Late-stage capitalism; post-truth; climate apocalypse; permanent crisis – for years now, we have been told that we’re living an end of an era.

Well, if this – whatever this is – is ending, what comes next?

That depends on who you are talking to, and it ranges from extinction to a tech-fueled utopia. Opinions vary all across the board, and are unfortunately concentrated in the extreme corners, as seems typical for this age.

While we’ve long heard that an end of an era is on us, increasingly, we also feel that viscerally; whether it’s anxiety when bushfires are where they shouldn’t be, or when your house floods twice in a decade from a “100-year flood”, or when the looming promise / threat of AI imminently automating away a bunch of human activities hits a bit too close to home, we increasingly not just think but feel we are living through the end of an era.

Those feelings have, however, been difficult to put into words.

This is because we don’t really have a language for it. Human beings need words to describe how we feel – once we can verbalize something, we can better think about it and get comfortable with it, but crucially words also allow us to engage with others.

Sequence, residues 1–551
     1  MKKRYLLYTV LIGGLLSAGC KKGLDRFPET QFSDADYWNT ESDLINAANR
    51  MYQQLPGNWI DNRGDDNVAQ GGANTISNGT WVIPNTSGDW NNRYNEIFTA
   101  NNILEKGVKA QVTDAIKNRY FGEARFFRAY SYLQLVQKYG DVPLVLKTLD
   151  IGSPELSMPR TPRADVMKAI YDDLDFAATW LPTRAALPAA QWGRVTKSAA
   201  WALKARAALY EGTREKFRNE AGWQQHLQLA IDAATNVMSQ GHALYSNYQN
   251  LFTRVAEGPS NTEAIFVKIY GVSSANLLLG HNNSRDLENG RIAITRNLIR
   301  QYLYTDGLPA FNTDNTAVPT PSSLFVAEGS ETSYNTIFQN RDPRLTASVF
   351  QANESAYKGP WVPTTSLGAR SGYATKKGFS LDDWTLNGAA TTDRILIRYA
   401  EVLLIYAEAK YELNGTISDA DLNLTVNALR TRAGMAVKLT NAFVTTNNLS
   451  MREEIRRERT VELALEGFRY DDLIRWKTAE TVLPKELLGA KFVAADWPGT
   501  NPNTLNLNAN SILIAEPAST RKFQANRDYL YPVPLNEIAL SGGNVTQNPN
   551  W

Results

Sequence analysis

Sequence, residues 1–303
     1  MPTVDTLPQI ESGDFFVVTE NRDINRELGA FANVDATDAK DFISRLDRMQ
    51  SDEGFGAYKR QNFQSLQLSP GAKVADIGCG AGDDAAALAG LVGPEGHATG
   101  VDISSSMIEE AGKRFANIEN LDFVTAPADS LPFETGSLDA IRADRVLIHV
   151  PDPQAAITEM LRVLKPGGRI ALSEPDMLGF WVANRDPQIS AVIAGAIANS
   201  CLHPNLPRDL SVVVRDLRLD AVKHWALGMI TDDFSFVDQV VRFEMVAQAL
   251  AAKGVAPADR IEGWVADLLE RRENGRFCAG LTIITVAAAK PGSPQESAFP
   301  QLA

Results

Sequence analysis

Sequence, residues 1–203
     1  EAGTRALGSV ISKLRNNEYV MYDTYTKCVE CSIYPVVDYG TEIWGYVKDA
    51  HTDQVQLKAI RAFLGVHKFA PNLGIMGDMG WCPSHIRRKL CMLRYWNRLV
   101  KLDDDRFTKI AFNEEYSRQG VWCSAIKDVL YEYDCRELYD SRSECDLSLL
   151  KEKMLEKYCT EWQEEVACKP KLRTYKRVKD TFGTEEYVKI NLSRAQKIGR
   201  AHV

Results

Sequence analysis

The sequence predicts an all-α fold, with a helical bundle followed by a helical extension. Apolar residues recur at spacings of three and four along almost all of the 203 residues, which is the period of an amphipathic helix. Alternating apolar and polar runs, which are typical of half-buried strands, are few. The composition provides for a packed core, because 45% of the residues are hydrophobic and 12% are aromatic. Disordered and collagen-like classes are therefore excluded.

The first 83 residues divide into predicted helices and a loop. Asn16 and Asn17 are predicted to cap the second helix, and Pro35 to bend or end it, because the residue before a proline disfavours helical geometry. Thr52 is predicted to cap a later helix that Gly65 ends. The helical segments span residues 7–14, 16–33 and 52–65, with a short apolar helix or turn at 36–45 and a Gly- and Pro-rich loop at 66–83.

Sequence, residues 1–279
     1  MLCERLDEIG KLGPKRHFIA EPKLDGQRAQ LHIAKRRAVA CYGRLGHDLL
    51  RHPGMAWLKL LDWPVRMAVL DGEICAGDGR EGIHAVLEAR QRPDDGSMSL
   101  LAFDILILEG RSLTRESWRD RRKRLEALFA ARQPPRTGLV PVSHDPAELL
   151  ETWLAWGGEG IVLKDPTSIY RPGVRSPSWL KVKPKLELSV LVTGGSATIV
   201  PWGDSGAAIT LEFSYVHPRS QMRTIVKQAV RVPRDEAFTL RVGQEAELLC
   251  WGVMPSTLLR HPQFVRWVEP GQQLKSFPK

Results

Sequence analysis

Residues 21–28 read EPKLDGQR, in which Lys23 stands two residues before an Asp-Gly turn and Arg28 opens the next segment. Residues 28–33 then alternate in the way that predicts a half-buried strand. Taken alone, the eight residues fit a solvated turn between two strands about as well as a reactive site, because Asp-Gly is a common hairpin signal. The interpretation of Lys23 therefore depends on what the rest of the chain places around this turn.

Thinking happens as much or more together as it does alone, so the ability to communicate concepts is critical.

Where do we find those words?

One possibility was offered by Alvin Toffler, when he decades ago wrote of future shock. Future Shock is the disorientation and psychological stress experienced due to rapid, overwhelming change; an increasingly relevant concept. It underscores the human cost of living in a world where rapid change is the norm.

Then there is BANI, a term I have written about a number of times. Standing for Brittle, Anxious, Nonlinear, and Incomprehensible, it offers a framework to understand the complexities of the modern world – including some of how it feels. It speaks to the fragility of seemingly robust systems, the pervasive anxiety in society, the unpredictable nature of cause and effect, and the impossibility of comprehending our increasingly complex systems.